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Anti-drug ads can work

Advertising Age is right in its editorial "Partnership is worth rescuing" (Viewpoint, AA, May 27): The anti-drug campaign was envisioned as a public-private partnership, where advertising experts created messages and the government paid to run them. The effort should be restored to that vision.

The program needs to get back on track. When experts with a 10-year track record of creating anti-drug ads ran the creative process, the campaign worked; drug use was going down. John Walters [director of the White House Office of National Drug Control Policy] and Congress can make it work again.

Congress should reauthorize the campaign's funding with a mandate to devote fully $190 million per year to purchase hard-hitting, consistent ads aimed at parents and kids, while relying on pro bono advertising expertise. Media outlets should also continue to provide one dollar in free exposure for every federal dollar spent on media buys.

Connecticut has seen recent decreases in youth use of "gateway drugs" such as alcohol, tobacco, marijuana and inhalants. We thankfully attribute part of that progress to the consistent pro bono efforts of our media partners. Let's remember: It's parents and our kids who stand to lose if Congress ends the campaign or allows it to be even further compromised by a federal bureaucracy.

Susan K. Patrick


Governor's Prevention Partnership

Hartford, Conn.

With Partnership or not, anti-drug ads worth it

I applaud Ad Age's editorial "Partnership is worth rescuing" (Viewpoint, AA, May 27) urging Congress to continue its support for the National Youth Anti-Drug Media Campaign. As it highlighted, and as Ad Age readers well know, advertising is unparalleled in its potential for swaying teens' attitudes about drugs.

The original vision for the campaign was elegantly simple: Let advertising experts create targeted messages and run them regularly at government expense. When the formula was followed, the campaign worked.

Whether or not the Partnership for a Drug-Free America remains engaged in developing messages for the National Youth Anti-Drug Media Campaign, the campaign should continue. And it should return to the formula of focused, hard-hitting messages airing consistently. If it doesn't, it's our kids and parents who ultimately lose.

Erin Clausen

Partnership for a Drug-Free California

Mountain View, Calif.

Anti-drug campaign great bargain for U.S.

As someone who has been in advertising for 25 years, I think this is pretty simple. What costs all advertisers millions to produce is free to the White House Office of National Drug Control Policy. The country's top agencies clamor to be selected to do the work, offering the greatest bargain of our time. Last time I looked, the government has been crying about budget shortfalls causing cutbacks and programs having to be eliminated.

The saying goes (in most cases), "you get what you pay for." Except in this case. In this case, the ONDCP is getting more than if it paid for it. Some of the finest, on-target advertising has been produced for years by the Partnership for a Drug-Free America and its associated agencies. Year after year, the Partnership's messages have been proven effective ... minus the last two years. Can we please get back to what got us here? And can we please make sure the funding continues to ensure effective ad placement?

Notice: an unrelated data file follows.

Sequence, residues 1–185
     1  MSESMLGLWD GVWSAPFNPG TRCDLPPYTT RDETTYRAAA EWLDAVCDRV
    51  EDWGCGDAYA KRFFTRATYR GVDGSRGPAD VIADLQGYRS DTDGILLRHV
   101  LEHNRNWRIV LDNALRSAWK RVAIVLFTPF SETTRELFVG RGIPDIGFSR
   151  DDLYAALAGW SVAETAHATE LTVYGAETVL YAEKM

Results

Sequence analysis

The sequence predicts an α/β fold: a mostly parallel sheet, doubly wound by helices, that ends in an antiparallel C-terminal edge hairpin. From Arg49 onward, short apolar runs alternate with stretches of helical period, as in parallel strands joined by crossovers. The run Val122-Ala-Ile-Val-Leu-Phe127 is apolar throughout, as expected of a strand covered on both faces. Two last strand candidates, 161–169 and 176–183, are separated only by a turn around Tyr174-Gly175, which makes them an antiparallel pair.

Ira Bass

Greensboro, N.C.

Anti-drug ads helped curb youth drug use

Advertising works! It does here in South Florida, where anti-drug messages were cited by more than 40% of our youth in Miami for having a "great or very great influence" on their decision to not use drugs. (It was pro bono work for the White House Office of National Drug Control Policy by the Partnership for a Drug-Free America.) Why? Sixty-one percent of our middle school and high school aged youth report seeing anti-drug spots on TV "at least daily or more than once a day."

According to the Partnership, the Miami-Ft. Lauderdale market has led the nation for a decade in the volume of spots and valuable airtime dedicated to anti-drug creative. Positive media has played a major part in Miami-Dade youth reducing levels of alcohol, tobacco and drug use by approximately a third since 1995, exceeding most major metropolitan communities in that trend nationwide. For that, we are exceedingly grateful to the leadership and cooperation exhibited by our broadcast media partners, as they continue to join us in our battle against substance abuse.

We know advertising works in helping to reduce drug abuse. We implore the federal government not to "throw the baby out with the bath water" on the anti-drug campaign, and make the sufficient improvements and adjustments necessary to continue to aid the substance abuse battles fought by service providers on the ground.

Bernie Diaz

Director of Communications

Miami Coalition for a Safe and Drug-Free Community

Coral Gables, Fla.


* In "In a crunch: Nestle, rivals extend lines" (May 27, P. 3), J. Walter Thompson's New York office was incorrectly identified as the agency for Nestle's new Signatures platform and its Nestle Treasures and Turtles brands. JWT, Chicago, handles the business.

* In "Pizza Hut succeeds with spots for `Insider' (even has a jingle)" (May 27, P. 49), the KFC theme was wrongly given as "It's Not Fast Food. It's KFC." It is "There's Fast Food. Then There's KFC."

* In "Long run-up hits wall; dip at 6.9%" (Special Report: Marketing Services, May 20, P. S-2), percentage declines in U.S. interactive revenues for three agencies were actually percentage gains in revenue. The agencies and the correct revenue change percentages are: Ryan Partnership, Westport, Conn., up 144.1%; Hill, Holliday, Connors, Cosmopulos, Boston, up 204.3%; and Marketing Drive Worldwide, Norwalk, Conn., up 607.2%.

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